Tigers' next generation of receivers shaping up to be as good as the last

Clemson is the only school with more than one of ESPN's top 25 wideouts for 2014

Artavis Scott (Studentsports.com photo)

Artavis Scott (Studentsports.com photo)

Special players like Sammy Watkins only come around so often, but there are plenty of signs that the next generation of Clemson receivers will be every bit as good as the last.

Watkins was part of a top-rated receiver class that also included Martavis Bryant, Charone Peake, Adam Humphries and Stanton Seckinger.

As the Tigers begin moving toward preparations for 2014, Peake (a rising junior) and Humphries (a rising senior) remain, while Seckinger is the projected co-starter at tight end.

Mike Williams, T.J. Green and Germone Hopper (all rising sophomores) lead the next wave, with first-semester freshmen Artavis Scott, Demarre Kitt and Kyrin Priester on campus now, and fellow four-star commitment Trevion Thompson set to arrive this summer.

From a numbers standpoint, Thompson became a key pick-up for the Tigers over the weekend when he committed at the end of his official visit.

The Clemson coaching staff has been pursuing the 6-2, 190-pound Thompson for more than two years, after he burst on the recruiting with a spectacular sophomore season at Hillside High in Durham, N.C., where he was a teammate of Tiger freshman safety Korrin Wiggins.

In addition to being one of the nation's top-rated wideouts, Thompson represents another North Carolina recruiting coup for the Tigers, who have reestablished themselves as a major player in pursuit of the state's top prospects.

Thompson will join Greensboro linebacker Chris Register, Hope Mills defensive back Jefferie Gibson, and Leland defensive tackle Jabril Robinson in this year's recruiting class, following in the footsteps of Wiggins, Tyrone Crowder, Dane Rogers, Carlos Watkins, Bradley Pinion, D.J. Reader and Hopper, all of whom signed with the Tigers in the previous two recruiting cycles.

Thompson, a consensus four-star prospect, has seen his personal ranking bounce about over the past two years. He was ranked as high as the No. 2 receiver in the nation coming out of his sophomore season, then slipped during a junior year in which his team struggled to get him the ball, and then bounced back with a strong senior year.

He was one of the standouts of the 2013 Shrine Bowl of the Carolinas, as he snared five passes and showed his ability both as a deep threat and as a possession receiver.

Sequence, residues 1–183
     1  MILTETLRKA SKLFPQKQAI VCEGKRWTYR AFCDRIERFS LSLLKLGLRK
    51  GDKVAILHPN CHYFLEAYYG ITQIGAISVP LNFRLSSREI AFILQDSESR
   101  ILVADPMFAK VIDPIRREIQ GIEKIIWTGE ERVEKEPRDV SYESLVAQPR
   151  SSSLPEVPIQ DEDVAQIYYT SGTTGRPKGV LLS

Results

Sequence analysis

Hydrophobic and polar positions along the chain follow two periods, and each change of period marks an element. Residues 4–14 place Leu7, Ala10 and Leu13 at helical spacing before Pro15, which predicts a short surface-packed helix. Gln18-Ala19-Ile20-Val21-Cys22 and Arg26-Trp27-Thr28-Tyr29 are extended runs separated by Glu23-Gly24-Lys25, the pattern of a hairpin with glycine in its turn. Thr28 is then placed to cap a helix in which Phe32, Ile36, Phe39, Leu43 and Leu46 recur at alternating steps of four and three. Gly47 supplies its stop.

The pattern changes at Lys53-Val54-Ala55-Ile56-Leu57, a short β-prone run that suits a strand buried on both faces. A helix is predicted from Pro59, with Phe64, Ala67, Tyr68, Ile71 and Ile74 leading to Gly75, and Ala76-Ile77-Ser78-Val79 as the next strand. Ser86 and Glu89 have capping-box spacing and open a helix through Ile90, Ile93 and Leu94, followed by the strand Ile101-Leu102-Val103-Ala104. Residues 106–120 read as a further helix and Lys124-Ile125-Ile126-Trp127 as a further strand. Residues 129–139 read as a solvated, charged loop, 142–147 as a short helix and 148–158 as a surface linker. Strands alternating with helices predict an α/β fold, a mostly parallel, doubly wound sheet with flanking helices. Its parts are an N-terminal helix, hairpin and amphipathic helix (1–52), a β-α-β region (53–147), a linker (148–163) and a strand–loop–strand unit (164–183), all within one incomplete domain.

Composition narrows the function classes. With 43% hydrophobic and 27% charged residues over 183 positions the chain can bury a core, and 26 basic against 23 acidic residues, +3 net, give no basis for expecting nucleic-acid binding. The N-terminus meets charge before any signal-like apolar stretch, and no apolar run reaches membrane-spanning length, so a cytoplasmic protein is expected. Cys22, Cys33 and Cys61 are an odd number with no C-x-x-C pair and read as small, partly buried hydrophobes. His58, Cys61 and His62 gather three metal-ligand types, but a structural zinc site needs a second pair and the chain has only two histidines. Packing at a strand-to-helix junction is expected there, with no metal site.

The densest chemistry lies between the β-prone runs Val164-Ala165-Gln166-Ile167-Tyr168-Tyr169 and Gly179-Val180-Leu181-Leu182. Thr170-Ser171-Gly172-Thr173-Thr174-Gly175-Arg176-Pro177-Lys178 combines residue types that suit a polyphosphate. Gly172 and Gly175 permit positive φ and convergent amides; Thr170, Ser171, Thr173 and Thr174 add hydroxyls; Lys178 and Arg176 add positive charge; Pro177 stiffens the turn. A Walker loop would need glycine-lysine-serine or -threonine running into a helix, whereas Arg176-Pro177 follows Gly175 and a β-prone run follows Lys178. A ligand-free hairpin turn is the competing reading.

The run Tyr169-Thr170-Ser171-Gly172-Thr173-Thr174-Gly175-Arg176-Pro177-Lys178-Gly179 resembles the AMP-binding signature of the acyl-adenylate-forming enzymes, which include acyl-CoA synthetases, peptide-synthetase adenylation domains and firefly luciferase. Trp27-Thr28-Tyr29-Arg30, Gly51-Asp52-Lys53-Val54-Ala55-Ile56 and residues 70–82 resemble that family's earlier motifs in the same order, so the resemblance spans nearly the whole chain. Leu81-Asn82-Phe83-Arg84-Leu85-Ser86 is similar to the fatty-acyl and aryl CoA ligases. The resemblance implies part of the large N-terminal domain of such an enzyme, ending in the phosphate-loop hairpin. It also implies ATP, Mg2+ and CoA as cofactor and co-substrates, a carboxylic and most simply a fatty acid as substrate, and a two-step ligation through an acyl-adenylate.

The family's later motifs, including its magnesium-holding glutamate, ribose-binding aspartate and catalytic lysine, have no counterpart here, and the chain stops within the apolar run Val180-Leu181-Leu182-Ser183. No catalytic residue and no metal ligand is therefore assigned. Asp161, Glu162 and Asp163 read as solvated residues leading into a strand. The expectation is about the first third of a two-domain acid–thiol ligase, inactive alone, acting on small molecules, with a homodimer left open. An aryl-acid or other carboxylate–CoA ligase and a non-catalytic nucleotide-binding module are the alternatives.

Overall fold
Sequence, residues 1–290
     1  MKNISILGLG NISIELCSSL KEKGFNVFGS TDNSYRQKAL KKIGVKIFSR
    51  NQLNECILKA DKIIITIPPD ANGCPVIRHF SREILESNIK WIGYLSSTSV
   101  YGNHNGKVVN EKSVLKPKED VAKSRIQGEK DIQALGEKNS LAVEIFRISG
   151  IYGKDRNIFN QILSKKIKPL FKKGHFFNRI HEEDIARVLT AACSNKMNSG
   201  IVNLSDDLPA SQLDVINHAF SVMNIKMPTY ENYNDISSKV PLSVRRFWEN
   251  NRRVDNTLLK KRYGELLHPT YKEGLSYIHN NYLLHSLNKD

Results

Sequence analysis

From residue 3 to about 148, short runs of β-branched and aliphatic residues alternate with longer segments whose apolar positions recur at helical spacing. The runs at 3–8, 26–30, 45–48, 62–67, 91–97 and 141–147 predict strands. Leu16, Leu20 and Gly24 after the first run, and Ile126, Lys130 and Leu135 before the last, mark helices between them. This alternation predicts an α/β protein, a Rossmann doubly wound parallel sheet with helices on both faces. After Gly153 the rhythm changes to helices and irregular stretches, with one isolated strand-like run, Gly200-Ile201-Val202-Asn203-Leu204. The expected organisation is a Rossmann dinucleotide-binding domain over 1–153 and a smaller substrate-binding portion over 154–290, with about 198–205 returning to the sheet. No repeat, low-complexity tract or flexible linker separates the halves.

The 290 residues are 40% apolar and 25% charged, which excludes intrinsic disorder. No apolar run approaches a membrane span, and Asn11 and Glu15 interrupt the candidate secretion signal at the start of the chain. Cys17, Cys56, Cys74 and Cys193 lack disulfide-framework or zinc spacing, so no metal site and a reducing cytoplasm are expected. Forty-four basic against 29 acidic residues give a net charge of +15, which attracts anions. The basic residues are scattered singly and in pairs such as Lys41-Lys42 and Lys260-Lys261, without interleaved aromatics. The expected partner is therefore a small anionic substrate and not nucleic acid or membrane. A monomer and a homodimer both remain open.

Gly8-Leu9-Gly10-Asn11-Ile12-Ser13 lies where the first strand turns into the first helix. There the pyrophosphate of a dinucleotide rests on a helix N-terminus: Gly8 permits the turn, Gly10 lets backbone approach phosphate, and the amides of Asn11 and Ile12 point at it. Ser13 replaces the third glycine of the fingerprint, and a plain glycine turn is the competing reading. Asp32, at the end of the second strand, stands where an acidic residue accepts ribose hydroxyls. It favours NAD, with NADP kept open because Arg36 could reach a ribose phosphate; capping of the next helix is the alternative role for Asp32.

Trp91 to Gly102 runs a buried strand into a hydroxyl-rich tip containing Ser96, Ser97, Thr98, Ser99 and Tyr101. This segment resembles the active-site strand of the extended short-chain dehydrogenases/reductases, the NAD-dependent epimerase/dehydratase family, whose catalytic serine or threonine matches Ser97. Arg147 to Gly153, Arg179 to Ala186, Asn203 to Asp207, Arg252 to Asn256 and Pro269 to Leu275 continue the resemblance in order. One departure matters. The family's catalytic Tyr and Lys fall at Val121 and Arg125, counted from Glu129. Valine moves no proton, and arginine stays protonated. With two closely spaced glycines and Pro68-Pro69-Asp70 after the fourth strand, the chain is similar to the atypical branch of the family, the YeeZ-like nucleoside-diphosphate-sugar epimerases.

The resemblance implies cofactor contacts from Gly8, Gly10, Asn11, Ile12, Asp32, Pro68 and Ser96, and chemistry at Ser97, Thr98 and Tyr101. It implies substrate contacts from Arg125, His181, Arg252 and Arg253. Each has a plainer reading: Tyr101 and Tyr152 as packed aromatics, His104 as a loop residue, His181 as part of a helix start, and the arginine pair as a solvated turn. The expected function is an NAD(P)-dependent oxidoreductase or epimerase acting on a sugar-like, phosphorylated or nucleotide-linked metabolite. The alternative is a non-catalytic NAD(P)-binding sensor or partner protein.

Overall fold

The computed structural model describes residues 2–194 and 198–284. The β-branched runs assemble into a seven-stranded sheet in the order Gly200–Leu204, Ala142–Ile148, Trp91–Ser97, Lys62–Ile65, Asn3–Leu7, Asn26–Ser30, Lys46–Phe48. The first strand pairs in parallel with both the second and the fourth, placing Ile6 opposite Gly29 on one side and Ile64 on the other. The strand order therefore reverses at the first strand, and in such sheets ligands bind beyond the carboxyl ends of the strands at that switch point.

Like Clemson's 2011 wide receiver class, the 2014 group is shaping up as the nation's deepest group. Clemson is the only school with commitments from more than one of ESPN's top 25-rated wide receivers, and the Tigers have three in Scott, Kitt and Thompson. Priester, originally a member of Clemson 2013 recruiting class, was ranked No. 20 nationally last year.

The addition of Thompson boosts Clemson's total of enrollees and commitments to 19, and pushed the Tigers to No. 13 nationally on Rivals' team recruiting list. The Tigers' group is currently ranked third in the ACC behind No. 4 Florida State and No. 9 Miami. Clemson is 14th on ESPN's list, and also third in the ACC behind No. 3 FSU and No. 8 Miami.

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Comments » 3

es_tiger writes:

Love having talented wideouts, but I'm ready to get a feature running back to add balance to the attack

clemvol writes:

Where's the Beef?

Xander5000 writes:

Feature running backs are fading out unfortunately but understandable. You want to save your running backs from constant wear and tear. So thats why you will see more of 2 to 4 running backs during a game. As far as the wideouts are concerned, I imagine this football is going to be flying around like a pinball laser or something to every receiver we got. That will keep defenses off-balance, for sure. But nothing will work if we keep coming up short on quality beef.

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